What medical care do I want (or not want) if I'm terminal, seriously ill, or in a coma? (Here's where you want a Living Will/Advanced Directive - I found Five Wishes to be particularly good for helping me think through what I would like, and it's legal throughout the US.)
What if I become unable to direct my medical care? My mom, who had PD, developed dementia. That's just one of many scenarios. (Here's where you need to name a Health Care Representative. In some states, that's part of the Living Will.)
What if I can't direct my financial affairs? (Here's where you need a Power of Attorney, to give somebody that you've chosen the authority to manage your financial affairs.)
How can I make handing over my assets easier on my family? Having a will means that I can control where my money goes. Avoiding probate is primarily for avoiding all the time it takes. Wouldn't it be great that my family could put the house on the market immediately, for example, and not have to wait a year? (Here's where you need a Will, and maybe a Living Trust)
What about brain or other organ donation? (You can arrange for brain donation - for research - in advance, and can often include other organ donations on your driver's license)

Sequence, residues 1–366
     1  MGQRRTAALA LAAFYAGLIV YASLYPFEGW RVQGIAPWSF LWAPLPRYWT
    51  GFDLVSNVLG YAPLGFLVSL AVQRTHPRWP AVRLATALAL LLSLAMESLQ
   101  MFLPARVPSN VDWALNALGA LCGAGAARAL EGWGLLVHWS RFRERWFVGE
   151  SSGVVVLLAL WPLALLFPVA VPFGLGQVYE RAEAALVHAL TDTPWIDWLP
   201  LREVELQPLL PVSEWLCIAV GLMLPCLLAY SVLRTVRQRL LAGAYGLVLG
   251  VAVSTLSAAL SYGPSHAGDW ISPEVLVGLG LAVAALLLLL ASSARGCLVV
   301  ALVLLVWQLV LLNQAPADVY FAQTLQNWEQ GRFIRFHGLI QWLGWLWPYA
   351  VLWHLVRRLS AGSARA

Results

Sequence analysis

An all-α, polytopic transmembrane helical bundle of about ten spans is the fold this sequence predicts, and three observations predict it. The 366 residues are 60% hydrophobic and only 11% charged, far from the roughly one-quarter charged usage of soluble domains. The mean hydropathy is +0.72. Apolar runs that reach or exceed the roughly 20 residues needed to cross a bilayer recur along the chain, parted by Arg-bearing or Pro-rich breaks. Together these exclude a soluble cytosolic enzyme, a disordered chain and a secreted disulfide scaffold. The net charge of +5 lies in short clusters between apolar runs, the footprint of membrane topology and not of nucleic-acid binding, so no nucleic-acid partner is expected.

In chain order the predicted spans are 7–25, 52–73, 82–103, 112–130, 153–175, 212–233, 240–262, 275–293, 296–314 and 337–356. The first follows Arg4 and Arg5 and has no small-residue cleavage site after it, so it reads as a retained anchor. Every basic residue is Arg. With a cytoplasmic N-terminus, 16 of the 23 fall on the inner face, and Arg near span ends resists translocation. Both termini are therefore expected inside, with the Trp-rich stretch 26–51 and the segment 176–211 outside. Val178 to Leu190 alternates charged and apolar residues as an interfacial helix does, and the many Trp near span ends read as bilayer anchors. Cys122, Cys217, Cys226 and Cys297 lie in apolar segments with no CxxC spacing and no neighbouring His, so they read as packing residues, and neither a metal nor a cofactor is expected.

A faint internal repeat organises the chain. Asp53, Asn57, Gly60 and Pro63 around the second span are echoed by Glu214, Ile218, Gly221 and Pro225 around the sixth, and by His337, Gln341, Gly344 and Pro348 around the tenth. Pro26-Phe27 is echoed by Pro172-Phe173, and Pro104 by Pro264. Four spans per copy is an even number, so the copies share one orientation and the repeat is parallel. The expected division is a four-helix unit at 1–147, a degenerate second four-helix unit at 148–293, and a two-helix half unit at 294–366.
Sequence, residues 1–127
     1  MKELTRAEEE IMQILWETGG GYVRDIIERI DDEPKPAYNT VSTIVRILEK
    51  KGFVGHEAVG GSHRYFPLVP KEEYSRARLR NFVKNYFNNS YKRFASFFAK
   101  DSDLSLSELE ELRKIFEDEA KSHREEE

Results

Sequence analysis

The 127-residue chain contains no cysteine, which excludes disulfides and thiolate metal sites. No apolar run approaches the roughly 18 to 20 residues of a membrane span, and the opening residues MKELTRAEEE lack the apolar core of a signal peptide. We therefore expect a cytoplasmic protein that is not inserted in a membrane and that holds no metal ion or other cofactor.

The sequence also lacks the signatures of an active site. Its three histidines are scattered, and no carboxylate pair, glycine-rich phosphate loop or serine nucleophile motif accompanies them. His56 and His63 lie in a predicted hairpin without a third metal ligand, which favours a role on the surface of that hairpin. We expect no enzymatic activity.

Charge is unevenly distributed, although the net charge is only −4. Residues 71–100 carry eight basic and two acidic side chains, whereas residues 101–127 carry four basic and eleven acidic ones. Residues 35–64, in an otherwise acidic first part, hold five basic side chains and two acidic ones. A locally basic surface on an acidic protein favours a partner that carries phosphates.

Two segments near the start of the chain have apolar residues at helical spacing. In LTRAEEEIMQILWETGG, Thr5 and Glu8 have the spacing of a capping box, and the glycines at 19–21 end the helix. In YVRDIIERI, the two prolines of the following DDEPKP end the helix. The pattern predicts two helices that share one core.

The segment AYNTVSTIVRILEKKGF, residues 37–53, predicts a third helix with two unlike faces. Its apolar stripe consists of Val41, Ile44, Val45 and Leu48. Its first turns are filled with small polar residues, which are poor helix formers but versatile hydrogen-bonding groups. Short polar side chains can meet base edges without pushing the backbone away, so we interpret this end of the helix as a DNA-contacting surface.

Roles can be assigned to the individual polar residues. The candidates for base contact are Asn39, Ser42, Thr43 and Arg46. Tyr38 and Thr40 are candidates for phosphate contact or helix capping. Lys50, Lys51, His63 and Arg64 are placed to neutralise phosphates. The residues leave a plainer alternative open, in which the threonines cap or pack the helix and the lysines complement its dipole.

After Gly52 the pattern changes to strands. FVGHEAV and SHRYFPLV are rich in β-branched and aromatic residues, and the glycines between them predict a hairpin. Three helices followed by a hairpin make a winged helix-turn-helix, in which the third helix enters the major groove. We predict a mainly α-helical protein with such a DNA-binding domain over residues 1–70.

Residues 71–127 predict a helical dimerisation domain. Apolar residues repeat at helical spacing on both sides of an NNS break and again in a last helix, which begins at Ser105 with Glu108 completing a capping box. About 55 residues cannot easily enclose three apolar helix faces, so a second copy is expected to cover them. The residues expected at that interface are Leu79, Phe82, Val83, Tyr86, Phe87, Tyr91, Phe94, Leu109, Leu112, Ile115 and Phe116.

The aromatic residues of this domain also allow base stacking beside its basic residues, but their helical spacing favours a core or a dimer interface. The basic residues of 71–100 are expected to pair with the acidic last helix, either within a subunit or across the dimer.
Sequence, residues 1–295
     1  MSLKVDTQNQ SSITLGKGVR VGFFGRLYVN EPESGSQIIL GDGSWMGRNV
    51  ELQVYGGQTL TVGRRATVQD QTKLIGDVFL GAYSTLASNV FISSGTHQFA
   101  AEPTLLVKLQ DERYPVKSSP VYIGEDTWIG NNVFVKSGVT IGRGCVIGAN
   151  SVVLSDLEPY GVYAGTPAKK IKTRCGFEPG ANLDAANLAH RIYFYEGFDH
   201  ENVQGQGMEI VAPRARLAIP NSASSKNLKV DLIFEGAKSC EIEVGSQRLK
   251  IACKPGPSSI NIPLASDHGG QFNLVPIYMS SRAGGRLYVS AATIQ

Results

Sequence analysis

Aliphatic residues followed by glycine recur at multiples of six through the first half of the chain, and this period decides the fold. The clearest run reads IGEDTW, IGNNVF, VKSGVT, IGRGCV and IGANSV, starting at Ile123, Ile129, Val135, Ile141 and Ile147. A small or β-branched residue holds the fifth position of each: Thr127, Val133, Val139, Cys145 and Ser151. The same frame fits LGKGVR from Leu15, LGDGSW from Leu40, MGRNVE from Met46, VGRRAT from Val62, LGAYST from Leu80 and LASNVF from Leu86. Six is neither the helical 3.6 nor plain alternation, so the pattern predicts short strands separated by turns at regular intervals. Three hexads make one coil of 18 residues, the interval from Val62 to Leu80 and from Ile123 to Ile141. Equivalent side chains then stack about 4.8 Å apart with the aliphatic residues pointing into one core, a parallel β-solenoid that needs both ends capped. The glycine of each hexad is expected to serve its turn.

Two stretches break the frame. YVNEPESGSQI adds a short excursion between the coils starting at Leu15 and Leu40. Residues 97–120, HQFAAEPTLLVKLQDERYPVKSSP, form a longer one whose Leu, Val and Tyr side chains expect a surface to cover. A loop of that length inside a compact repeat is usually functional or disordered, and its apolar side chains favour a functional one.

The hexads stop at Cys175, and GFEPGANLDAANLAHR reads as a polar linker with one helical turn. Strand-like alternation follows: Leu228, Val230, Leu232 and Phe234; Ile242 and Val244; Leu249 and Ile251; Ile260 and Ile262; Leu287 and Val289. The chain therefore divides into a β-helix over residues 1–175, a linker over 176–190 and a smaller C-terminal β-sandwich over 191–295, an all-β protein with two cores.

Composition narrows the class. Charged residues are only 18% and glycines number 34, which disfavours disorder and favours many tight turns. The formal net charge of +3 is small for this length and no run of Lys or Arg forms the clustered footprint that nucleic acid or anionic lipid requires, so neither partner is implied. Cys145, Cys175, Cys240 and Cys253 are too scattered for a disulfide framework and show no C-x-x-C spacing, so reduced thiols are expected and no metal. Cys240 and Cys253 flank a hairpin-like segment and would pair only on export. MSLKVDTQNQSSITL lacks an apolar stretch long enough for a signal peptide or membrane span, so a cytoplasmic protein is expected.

What kind of memorial service/funeral do you want? If you want your ashes scattered, where? (Five Wishes addresses this, and you can also arrange for and pay for everything in advance.)
What are your userids and passwords so that 1) someone can take over your financial affairs when necessary, and 2) so somebody can close your social media accounts if you can't be on them any more? (This means maintaining a list, and letting key people know where it is.)
Recently, my husband and I sat down with a competent estate-planning/elder law attorney to talk about what we needed. It cost us a chunk of change, but 1) now my affairs are set up the way I want them to be, and 2) it is a huge relief. Our wishes have been made clear. Our kids have a knowledgeable firm to go to for help if they need it. In addition, our assets are available to us now, but can easily pass to our kids when we are both gone.
This is not trivial. My condition means that I can fall and hit my head, develop dementia, have delusions, or become unable to communicate my wishes. I want my wishes to be respected, so I need to 1) decide what they are, and 2) identify who can respect them, and 3) give them the authority to act.
I recommend this book, Estate Planning for People with a Chronic Condition or Disability. But this isn't enough: surfing the web for "free" tools, especially when the law varies from state to state, is not the ideal approach. Finding the right attorney is much better, in my opinion; start asking around.
Images from Pixaby, Five Wishes, Amazon.